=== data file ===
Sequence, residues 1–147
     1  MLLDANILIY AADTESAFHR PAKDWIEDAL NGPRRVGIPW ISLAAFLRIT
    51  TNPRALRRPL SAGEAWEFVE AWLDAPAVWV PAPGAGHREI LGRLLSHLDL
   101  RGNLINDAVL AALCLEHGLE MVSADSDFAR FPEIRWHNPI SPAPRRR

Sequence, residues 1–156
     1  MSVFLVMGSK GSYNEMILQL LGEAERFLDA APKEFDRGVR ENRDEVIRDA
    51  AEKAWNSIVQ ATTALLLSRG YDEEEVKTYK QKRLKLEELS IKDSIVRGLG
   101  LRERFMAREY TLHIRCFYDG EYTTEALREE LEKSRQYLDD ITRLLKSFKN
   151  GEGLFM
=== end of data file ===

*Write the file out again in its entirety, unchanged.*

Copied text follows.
Sequence, residues 1–147
     1  MLLDANILIY AADTESAFHR PAKDWIEDAL NGPRRVGIPW ISLAAFLRIT
    51  TNPRALRRPL SAGEAWEFVE AWLDAPAVWV PAPGAGHREI LGRLLSHLDL
   101  RGNLINDAVL AALCLEHGLE MVSADSDFAR FPEIRWHNPI SPAPRRR

Sequence, residues 1–156
     1  MSVFLVMGSK GSYNEMILQL LGEAERFLDA APKEFDRGVR ENRDEVIRDA
    51  AEKAWNSIVQ ATTALLLSRG YDEEEVKTYK QKRLKLEELS IKDSIVRGLG
   101  LRERFMAREY TLHIRCFYDG EYTTEALREE LEKSRQYLDD ITRLLKSFKN
   151  GEGLFM